How the Coronavirus Will Harm GDP and Businesses in 2020

There are other independent reports and media reports showing specific instances of harm where China and outside nations will be facing pressure in the first quarter. All of this is likely to see a snap-back once the effects of the coronavirus come to pass. That may be part of the explanation of why U.S. stocks just hit all-time highs in the Dow Jones industrials, S&P 500 and Nasdaq all over again.

A report from the South China Morning Post reported that the falling fiscal revenues of 2019 will restrict Beijing’s ability to boost spending in 2020 to maintain stronger growth targets amid the coronavirus outbreak. It noted that China’s fiscal revenue growth of just 3.8% in 2019 (down from 6.2% in 2018) was the slowest growth rate since 1987 — and that data covered a period that was pre-coronavirus. Another fresh report from the site warns that millions of small businesses are now at risk in China as well.

Capital Economics has an ongoing update on the impact that the coronavirus is having on China and elsewhere. They showed charts and graphs covering road congestion (or lack of it), daily passenger traffic, passenger transport volume, coal consumption, property sales, wholesale food prices, overseas tourist spending and even supply chain issues.

There have been two fresh outlook changes covering the oil and gas trends for supply and demand in 2020 showing these are being hurt by the coronavirus. The International Energy Agency (IEA) cut its first-quarter forecast by 435,000 barrels a day and its full-year forecast by 385,000 barrels a day to 565,000 barrels and 825,000 barrels, respectively. The U.S. Energy Information Administration (EIA) showed that its new forecast is 900,000 barrels per day lower than its short-term forecast issued just a month earlier, citing the ongoing and growing effects of the coronavirus and also above-normal January temperatures over much of the northern hemisphere.

Fitch Ratings warned that the coronavirus adds to the structural troubles of the global automakers. With China now the largest car market on the globe, Fitch expects China car sales to dip until the virus outbreak is under control and expects that sales should start recovering from April forward into the second half of 2020.

Fitch also warned that sovereign and corporate issuers in South America would feel the coronavirus pressure. That warning was calling for slower Chinese demand and commodity price weakness from the coronavirus will hit South America’s issuers due to their high commodity export dependence and direct trade exposure to China. That report said:

Agriculture, mining and fuel shipments represent a material percentage of GDP for many Latin American countries and revenue for the region’s largest exporters with China being a key destination. More than 25% of Chile’s, Peru’s and Brazil’s merchandise exports go to China, according to International Monetary Fund Direction of Trade Statistics, and the ability to quickly redirect commodity exports to other countries will be a challenge. … Prior to the outbreak, our outlook for Latin America was for a mild economic recovery with fiscal, political and governability risks challenging the region’s economy and ratings in 2020. Coronavirus introduces a new downside risk to growth expectations… Prices for copper, aluminum, iron ore, zinc and oil noticeably declined after the coronavirus outbreak, which led to aggressive government restrictions on travel and other economic activities.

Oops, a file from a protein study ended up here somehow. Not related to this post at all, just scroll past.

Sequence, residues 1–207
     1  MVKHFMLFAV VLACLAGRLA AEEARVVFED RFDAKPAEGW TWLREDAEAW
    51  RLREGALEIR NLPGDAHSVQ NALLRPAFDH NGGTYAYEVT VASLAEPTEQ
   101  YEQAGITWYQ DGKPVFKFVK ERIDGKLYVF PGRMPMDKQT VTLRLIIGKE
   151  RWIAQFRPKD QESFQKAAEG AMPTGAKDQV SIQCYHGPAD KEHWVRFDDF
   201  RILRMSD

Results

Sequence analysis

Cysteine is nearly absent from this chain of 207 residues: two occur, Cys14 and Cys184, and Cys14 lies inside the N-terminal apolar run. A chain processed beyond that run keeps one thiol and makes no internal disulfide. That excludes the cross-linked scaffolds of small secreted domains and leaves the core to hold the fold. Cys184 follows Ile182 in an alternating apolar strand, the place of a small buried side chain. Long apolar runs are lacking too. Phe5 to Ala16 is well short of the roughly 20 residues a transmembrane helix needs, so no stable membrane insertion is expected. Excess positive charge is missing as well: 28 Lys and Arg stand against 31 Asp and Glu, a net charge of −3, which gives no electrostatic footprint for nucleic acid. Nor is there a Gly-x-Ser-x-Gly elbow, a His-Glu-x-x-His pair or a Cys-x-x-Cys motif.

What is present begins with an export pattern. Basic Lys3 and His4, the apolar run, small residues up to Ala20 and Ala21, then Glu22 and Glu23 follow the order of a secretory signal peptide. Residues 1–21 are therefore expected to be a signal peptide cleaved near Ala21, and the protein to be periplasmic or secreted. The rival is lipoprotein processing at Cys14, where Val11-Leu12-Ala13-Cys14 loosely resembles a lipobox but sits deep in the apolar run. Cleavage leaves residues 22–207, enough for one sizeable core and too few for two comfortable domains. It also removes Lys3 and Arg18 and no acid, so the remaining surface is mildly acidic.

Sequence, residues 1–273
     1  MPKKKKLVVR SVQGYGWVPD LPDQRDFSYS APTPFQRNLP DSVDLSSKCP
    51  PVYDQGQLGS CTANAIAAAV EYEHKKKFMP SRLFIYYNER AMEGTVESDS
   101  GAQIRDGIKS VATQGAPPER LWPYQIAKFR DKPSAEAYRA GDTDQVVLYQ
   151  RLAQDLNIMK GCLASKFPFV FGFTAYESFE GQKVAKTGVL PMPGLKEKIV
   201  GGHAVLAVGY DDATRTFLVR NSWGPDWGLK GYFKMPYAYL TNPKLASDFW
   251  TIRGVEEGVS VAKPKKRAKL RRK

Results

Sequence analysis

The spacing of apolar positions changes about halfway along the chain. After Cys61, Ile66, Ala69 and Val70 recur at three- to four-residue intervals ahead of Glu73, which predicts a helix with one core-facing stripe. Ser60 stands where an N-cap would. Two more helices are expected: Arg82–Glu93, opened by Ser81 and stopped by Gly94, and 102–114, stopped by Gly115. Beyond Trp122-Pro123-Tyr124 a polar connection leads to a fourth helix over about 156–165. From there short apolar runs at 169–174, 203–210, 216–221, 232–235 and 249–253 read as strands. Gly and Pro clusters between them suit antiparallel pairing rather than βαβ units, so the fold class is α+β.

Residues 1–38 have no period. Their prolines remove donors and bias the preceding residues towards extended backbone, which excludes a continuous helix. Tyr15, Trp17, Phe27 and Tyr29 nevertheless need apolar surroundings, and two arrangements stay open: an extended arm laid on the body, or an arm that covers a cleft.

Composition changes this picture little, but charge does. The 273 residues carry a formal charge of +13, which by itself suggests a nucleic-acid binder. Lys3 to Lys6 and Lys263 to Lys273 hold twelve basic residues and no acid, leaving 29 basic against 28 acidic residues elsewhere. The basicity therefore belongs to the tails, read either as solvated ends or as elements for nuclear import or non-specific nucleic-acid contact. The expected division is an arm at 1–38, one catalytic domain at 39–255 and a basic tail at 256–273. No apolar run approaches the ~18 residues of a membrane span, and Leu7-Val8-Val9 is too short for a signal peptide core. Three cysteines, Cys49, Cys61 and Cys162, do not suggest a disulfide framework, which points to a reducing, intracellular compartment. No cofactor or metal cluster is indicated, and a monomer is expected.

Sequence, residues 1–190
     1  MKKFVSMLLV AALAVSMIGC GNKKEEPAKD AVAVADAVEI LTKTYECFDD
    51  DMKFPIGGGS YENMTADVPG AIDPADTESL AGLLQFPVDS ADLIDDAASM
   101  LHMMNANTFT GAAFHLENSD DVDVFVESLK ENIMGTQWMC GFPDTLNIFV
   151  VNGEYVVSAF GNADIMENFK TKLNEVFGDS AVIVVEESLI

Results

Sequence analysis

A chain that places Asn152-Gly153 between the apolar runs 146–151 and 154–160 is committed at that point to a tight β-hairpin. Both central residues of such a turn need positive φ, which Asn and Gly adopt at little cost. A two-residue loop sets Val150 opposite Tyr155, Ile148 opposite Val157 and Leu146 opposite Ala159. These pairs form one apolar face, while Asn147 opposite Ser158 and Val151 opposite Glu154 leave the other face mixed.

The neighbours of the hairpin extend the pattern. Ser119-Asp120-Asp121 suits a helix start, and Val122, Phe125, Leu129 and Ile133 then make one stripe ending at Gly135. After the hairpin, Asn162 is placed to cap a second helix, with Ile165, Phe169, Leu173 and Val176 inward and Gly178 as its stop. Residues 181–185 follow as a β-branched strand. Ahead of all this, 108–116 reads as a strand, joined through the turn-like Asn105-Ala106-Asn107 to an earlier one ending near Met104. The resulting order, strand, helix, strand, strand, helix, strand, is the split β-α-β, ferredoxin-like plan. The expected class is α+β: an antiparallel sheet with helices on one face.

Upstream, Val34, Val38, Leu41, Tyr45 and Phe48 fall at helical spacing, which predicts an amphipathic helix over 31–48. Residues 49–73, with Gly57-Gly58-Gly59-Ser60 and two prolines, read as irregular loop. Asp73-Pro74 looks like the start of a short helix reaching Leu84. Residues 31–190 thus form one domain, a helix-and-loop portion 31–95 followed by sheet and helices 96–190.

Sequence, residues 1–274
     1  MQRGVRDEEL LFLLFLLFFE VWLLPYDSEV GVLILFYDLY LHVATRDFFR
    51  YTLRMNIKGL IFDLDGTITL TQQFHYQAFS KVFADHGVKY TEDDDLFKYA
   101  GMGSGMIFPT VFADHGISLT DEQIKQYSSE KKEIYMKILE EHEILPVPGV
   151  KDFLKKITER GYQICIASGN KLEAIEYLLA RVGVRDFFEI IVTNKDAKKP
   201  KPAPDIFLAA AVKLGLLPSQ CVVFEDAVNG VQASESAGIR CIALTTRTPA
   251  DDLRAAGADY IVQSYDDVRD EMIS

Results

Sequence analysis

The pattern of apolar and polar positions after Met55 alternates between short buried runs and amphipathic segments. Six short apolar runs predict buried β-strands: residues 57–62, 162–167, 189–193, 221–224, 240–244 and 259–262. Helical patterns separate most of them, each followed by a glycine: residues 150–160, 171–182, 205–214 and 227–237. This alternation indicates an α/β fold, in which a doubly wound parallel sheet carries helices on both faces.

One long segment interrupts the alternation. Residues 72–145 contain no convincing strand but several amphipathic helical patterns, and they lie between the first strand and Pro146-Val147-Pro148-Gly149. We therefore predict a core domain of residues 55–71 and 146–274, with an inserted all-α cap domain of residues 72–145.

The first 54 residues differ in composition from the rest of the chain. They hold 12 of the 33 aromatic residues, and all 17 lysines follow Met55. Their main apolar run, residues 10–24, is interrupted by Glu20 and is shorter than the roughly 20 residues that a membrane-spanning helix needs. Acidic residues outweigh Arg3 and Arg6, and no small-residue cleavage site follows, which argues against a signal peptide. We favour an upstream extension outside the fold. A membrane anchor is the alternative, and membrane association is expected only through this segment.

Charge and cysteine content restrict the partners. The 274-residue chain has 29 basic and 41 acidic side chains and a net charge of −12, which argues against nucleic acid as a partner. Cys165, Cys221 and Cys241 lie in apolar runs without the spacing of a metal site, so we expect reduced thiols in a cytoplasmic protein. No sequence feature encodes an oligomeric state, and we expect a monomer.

S&P Global has pointed out how the coronavirus is dashing the hopes for the global auto trends at this time as well. As of February 11, S&P’s assumption was that the coronavirus outbreak will be contained in March. The group also suggested that U.S. GDP growth would drop to roughly 1% in the first quarter. S&P’s Beth Ann Bovino was recently quoted:

We expect most of the drag on U.S. growth to be in the first quarter, with a smaller hit in the second quarter and a rebound in the latter half…. Along with the potentially devastating human toll, if the virus spreads further and lasts longer, the impact on virtually every economy could be far worse… We will be watching the numbers on the health of the U.S. economy, determining whether, and by how much, the coronavirus infects investment demand and consumer spending.

Moody’s recently signaled that the Chinese retail, travel and transportation sectors are among the most exposed to disruptions from the coronavirus. Two other prior Moody’s reports in recent days signaled that an extended coronavirus outbreak would increase demand for U.S. health care companies but with a warning that it could disrupt supply chains, as well as that a prolonged outbreak of the coronavirus will end up hurting banks’ profitability and asset quality in the Asia-Pacific region. Moody’s even warned that national property sales in China are likely to fall slightly in 2020 (and will weaken developers’ liquidity) against the backdrop of the coronavirus outbreak.

Cruises, which have been notorious for acting as Petri dishes for spreading illnesses, are getting hit. The Diamond Princess under quarantine in Japan and the MS Westerdam being turned away by five countries without having any suspected coronavirus cases has more than 1,400 people stuck with nowhere to go. A group called Thinknum has released alternative data on the cruise line industry showing how the spread of the coronavirus is affecting cruise line pricing and inventory. It pointed out data for Carnival Cruise Lines (NYSE: CCL) showing a real recent rise inventory of available rooms. Airlines have already felt the heat from the coronavirus and many flights in and out of China were simply canceled for the time being.

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